October 21
1892 A special convocation, "The Discovery of America," was held to celebrate the 400th anniversary of the landing of Christopher Columbus.
1973 The Mather Gallery, a student art center in Thwing Hall, opened.

October 23
1987 As reported in The Observer, Sports Information director David Montgomery established a "Dial-a Sports" line for CWRU sports. Fans could get weekly updates on games played by CWRU athletic teams.

October 24
1828 Western Reserve College students established their first organization, the Philozetian Society. Activities of the Society included orations, compositions, debates, and disputes or disputations (extemporaneous debates).
1892 Clark Hall and Guilford House were dedicated. They were the first buildings on Western Reserve University's Flora Stone Mather College campus.
1986 Ground was broken for the new Weatherhead School of Management building, Enterprise Hall, later known as Nord Hall.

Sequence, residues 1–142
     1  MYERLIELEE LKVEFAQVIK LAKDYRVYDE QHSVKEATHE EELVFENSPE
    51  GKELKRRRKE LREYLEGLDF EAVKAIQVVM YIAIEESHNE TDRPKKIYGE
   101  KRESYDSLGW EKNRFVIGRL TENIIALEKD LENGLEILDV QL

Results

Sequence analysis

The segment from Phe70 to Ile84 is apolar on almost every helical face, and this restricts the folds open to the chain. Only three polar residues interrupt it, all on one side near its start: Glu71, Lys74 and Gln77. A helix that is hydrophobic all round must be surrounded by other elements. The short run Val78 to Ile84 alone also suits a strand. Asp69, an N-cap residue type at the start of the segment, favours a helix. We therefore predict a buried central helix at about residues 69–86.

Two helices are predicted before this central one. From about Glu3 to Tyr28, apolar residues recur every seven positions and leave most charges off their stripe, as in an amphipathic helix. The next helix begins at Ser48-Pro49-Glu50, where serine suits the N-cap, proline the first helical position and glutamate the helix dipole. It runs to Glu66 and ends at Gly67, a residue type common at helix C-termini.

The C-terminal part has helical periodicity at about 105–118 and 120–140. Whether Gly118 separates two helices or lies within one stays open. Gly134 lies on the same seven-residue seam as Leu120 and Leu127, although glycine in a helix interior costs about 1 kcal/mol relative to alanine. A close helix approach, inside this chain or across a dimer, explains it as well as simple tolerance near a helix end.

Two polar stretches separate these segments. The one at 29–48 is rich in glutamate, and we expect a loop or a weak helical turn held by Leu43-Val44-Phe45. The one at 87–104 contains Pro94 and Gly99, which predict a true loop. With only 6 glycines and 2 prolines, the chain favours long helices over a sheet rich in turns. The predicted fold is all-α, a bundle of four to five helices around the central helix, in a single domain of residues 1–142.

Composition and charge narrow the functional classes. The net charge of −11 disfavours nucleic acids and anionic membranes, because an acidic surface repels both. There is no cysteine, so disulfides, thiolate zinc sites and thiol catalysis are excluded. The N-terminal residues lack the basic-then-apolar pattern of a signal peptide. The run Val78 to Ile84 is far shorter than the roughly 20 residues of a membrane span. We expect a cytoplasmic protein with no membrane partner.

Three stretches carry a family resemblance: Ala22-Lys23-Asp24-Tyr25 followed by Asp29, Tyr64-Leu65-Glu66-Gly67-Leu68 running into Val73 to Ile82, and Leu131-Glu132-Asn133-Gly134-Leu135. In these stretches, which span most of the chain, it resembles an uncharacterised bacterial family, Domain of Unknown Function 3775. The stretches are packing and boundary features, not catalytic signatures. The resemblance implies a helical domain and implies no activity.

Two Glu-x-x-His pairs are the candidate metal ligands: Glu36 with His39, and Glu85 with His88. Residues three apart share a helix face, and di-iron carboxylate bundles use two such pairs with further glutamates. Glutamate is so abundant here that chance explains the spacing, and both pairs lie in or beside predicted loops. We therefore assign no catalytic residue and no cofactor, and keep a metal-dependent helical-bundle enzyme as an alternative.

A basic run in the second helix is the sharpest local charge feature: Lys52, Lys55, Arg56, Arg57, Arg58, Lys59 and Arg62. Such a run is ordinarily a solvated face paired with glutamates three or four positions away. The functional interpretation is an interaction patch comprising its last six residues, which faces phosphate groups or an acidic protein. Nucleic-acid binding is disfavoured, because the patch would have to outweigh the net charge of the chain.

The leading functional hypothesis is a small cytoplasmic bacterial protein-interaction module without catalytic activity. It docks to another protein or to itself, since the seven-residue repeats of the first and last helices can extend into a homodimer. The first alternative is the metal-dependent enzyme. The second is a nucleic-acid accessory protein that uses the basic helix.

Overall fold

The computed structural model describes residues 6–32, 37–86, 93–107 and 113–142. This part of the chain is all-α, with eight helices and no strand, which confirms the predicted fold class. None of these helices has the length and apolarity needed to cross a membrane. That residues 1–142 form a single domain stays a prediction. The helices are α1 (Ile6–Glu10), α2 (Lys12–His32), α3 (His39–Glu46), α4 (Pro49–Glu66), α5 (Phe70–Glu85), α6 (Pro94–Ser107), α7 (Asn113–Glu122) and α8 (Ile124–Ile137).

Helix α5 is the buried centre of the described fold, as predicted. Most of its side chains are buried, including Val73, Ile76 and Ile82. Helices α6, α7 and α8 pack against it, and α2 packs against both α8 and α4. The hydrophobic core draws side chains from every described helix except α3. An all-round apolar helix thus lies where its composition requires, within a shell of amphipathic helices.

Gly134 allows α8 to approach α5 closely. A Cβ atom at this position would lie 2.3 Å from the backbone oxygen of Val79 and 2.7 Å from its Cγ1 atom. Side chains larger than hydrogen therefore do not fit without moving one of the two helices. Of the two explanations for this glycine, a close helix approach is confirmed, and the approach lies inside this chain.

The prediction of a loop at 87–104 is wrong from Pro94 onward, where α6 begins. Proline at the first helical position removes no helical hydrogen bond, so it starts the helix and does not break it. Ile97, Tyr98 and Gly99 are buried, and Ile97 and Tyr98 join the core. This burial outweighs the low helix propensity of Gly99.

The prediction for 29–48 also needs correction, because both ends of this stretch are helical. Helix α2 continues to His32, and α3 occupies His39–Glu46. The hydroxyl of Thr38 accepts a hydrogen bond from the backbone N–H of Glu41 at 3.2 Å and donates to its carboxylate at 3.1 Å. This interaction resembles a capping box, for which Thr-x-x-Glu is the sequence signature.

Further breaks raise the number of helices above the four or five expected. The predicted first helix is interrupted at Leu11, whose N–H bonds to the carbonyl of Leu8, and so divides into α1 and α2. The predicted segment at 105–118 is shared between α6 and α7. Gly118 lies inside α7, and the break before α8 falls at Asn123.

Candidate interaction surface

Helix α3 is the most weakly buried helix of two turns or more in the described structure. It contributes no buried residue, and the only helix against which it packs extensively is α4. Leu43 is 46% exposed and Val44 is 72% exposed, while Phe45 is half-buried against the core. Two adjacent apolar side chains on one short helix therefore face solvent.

October 25
1975 Case-Reserve Athletic Club (now Spartan Club) held its first Hall of Fame induction ceremonies.

October 26
1882 Dedication ceremonies for Adelbert, Pierce, and Cutler Halls were held. They were the first Western Reserve University buildings in University Circle. Instead of a formal Commencement exercise, degrees were conferred after the dedication ceremonies.
1989 Groundbreaking ceremonies were held for the new home of Mandel School of Applied Social Sciences at the northeast corner of Bellflower and Ford Roads.

October 27
1886 Fire gutted the Case Main Building, the first Case School of Applied Science building in University Circle.